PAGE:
Caruso, Raul. 2003. The Impact of International Economic Sanctions on Trade: An Empirical Analysis. Peace Economics, Peace Science, and Public Policy 9 (2):134.Google Scholar
Caves, Richard E. 2007. Multinational Enterprise and Economic Analysis. 3rd ed. Cambridge, UK: Cambridge University Press.Google Scholar
Chakrabarti, Avik. 2001. The Determinants of Foreign Direct Investment: Sensitivity Analyses of Cross-Country Regressions. Kyklos 54 (1):89114.Google Scholar
Chan, Steve, and Mason, Melanie. 1992. Foreign Direct Investment and Host Country Conditions: Looking from the Other Side Now. International Interactions 17 (3):215–32.Google Scholar
Choi, Seung-Whan, and Samy, Yiagadeesen. 2008. Reexamining the Effect of Democratic Institutions on Inflows of Foreign Direct Investment in Developing Countries. Foreign Policy Analysis 4 (1):83103.Google Scholar
Coase, Ronald H. 1937. The Nature of the Firm. Economica 4 (16):386405.Google Scholar
Cortright, David, and Lopez, George A.. 2000. The Sanctions Decade: Assessing UN Strategies in the 1990s. Boulder, CO: Lynne Rienner.Google Scholar
Cox, Ronald W. 1994. Power and Profits: US Foreign Policy in Central America. Lexington: University Press of Kentucky.Google Scholar
Crenshaw, Edward. 1991. Foreign Investment as a Dependent Variable: Determinants of Foreign Investment and Capital Penetration in Developing Nations, 1967–1978. Social Forces 69 (4):1169–82.Google Scholar
Dunning, John H. 1981. International Production and the Multinational Enterprise. London: Allen and Unwin.Google Scholar
Dunning, John H., Kogut, Bruce M., and Blomstrom, Magnus. 1990. Globalization of Firms and the Competitiveness of Nations. Lund, Sweden: Lund University Press.Google Scholar
Early, Bryan R. 2009. Sleeping with Your Friends’ Enemies: An Explanation of Sanctions-Busting Trade. International Studies Quarterly 53 (1):4971.Google Scholar
Early, Bryan R. 2011. Unmasking the Black Knights: Sanctions Busters and Their Effects on the Success of Economic Sanction. Foreign Policy Analysis 7 (4):381402.Google Scholar
Early, Bryan R. 2012. Alliances and Trade with Sanctioned States: A Study of US Economic Sanctions, 1950–2000. Journal of Conflict Resolution 56 (3):547–72.Google Scholar
Evans, Peter. 1979. Dependent Development: The Alliance of Multinational, State, and Local Capital in Brazil. Princeton, NJ: Princeton University Press.Google Scholar
Farmer, Richard D. 2000. Costs of Economic Sanctions to the Sender. World Economy 23 (1):93117.Google Scholar
Gleditsch, Kristian Skrede. 2002. Expanded Trade and GDP Data. Journal of Conflict Resolution 46 (5):712–24.Google Scholar
Henisz, Witold J. 2002. The Institutional Environment for Infrastructure Investment. Industrial and Corporate Change 11 (2):355–89.Google Scholar
Hirschman, Albert O. 1980 [1945]. National Power and the Structure of Foreign Trade. Berkeley: University of California Press.Google Scholar
Hufbauer, Gary C., Elliott, Kimberly A., Cyrus, Tess, and Winston, Elizabeth. 1997. US Economic Sanctions: Their Impact on Trade, Jobs, and Wages. Working Paper. Washington, DC: Institute for International Economics.Google Scholar
Hufbauer, Gary C., Schott, Jeffrey J., Elliot., Kimberly A., and Oegg, Barbara. 2007. Economic Sanctions Reconsidered. 3rd ed. Washington, DC: Institute for International Economics.Google Scholar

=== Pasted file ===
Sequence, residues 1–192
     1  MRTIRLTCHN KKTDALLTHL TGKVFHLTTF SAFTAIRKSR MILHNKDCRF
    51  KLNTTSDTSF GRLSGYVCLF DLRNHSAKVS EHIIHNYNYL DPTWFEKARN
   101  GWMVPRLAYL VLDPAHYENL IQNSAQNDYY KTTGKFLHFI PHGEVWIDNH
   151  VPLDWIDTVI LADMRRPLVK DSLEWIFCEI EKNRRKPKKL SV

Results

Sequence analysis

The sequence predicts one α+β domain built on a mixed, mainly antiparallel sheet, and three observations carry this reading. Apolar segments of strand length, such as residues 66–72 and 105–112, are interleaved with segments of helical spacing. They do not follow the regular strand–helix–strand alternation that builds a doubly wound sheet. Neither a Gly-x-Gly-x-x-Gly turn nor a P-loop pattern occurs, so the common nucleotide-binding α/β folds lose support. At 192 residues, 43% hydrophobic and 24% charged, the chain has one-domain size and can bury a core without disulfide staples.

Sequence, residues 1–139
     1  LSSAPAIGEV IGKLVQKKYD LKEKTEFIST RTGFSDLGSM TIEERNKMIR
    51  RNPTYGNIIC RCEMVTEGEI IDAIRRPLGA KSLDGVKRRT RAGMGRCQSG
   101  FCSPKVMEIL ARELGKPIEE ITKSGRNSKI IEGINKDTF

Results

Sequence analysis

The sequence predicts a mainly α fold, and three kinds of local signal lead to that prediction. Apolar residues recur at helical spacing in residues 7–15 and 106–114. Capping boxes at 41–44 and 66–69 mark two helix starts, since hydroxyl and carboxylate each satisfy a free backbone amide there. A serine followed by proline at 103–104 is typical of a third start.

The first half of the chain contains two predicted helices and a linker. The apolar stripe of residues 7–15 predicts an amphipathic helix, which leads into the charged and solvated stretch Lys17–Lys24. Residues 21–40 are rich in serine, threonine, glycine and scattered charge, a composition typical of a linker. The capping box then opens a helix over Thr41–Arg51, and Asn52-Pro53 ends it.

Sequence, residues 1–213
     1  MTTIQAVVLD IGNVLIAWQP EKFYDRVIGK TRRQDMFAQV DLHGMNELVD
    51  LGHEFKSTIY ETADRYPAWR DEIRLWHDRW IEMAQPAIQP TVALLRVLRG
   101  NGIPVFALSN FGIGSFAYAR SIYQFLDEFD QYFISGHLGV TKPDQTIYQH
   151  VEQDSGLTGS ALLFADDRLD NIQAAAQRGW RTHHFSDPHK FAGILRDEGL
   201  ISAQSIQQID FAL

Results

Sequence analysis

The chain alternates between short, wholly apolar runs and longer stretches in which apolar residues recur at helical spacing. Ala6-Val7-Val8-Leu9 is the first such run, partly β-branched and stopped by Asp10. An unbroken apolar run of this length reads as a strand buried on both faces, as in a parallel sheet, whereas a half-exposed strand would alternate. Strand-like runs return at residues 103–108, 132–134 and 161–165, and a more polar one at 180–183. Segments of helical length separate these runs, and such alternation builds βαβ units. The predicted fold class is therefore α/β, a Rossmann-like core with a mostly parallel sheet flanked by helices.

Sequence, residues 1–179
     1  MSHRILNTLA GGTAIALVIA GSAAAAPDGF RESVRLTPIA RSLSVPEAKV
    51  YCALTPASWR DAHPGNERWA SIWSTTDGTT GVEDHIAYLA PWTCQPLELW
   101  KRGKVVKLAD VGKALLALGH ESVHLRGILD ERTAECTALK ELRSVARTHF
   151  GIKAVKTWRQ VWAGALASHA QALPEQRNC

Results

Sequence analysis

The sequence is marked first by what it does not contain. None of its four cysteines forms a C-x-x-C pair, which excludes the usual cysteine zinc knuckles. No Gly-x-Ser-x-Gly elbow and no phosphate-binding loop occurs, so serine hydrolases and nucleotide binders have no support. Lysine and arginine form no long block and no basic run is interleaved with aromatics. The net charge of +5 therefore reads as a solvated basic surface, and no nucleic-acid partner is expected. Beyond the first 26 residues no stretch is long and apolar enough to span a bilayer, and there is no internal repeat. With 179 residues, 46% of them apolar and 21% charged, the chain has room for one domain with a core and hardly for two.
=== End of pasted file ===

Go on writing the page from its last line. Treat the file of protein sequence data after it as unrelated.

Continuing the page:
Jakobsen, Jo, and de Soysa, Indra. 2006. Do Foreign Investors Punish Democracy? Theory and Empirics, 1984–2001. Kyklos 59 (3):383410.Google Scholar
Jensen, Nathan. 2003. Democratic Governance and Multinational Corporations: Political Regimes and Inflows of Foreign Direct Investment. International Organization 57 (3):587616.Google Scholar
Jensen, Nathan. 2006. Nation-States and the Multinational Corporation: Political Economy of Foreign Direct Investment. Princeton, NJ: Princeton University Press.Google Scholar
Jensen, Nathan. 2008. Political Risk, Democratic Institutions, and Foreign Direct Investment. Journal of Politics 70 (4):1040–52.Google Scholar
Jensen, Nathan M., Biglaiser, Glen, Li, Quan, Malesky, Edmund, Pinto, Pablo M., Pinto, Santiago M., and Staats, Joseph L.. 2012. Politics and Foreign Direct Investment. Ann Arbor: University of Michigan Press.Google Scholar
Jensen, Nathan, and Young, Daniel J.. 2008. A Violent Future? Political Risk Insurance Markets and Violence Forecasts. Journal of Conflict Resolution 52 (4):527–47.Google Scholar
Jones, Geoffrey. 2005. Multinationals and Global Capitalism. New York: Oxford University Press.Google Scholar
Kaempfer, William H., and Lowenberg, Anton D.. 1999. Unilateral Versus Multilateral International Sanctions: A Public Choice Perspective. International Studies Quarterly 43 (1):3758.Google Scholar
Kobrin, Stephen J. 1989. Enforcing Export Embargoes Through Multinational Corporations: Why Doesn't It Work Anymore? Business in the Contemporary World (Winter):31–42.Google Scholar
Leblang, David. 2010. Familiarity Breeds Investment: Diaspora Networks and International Investment. American Political Science Review 104 (3):584600.Google Scholar
Lektzian, David, and Biglaiser, Glen. 2013. Investment, Opportunity, and Risk: Do US Sanctions Deter or Encourage Global Investment? International Studies Quarterly 57 (1):6578.Google Scholar
Lektzian, David, and Biglaiser, Glen. 2014. The Effect of Foreign Direct Investment on the Use and Success of US Sanctions. Conflict Management and Peace Science 31 (1):7093.Google Scholar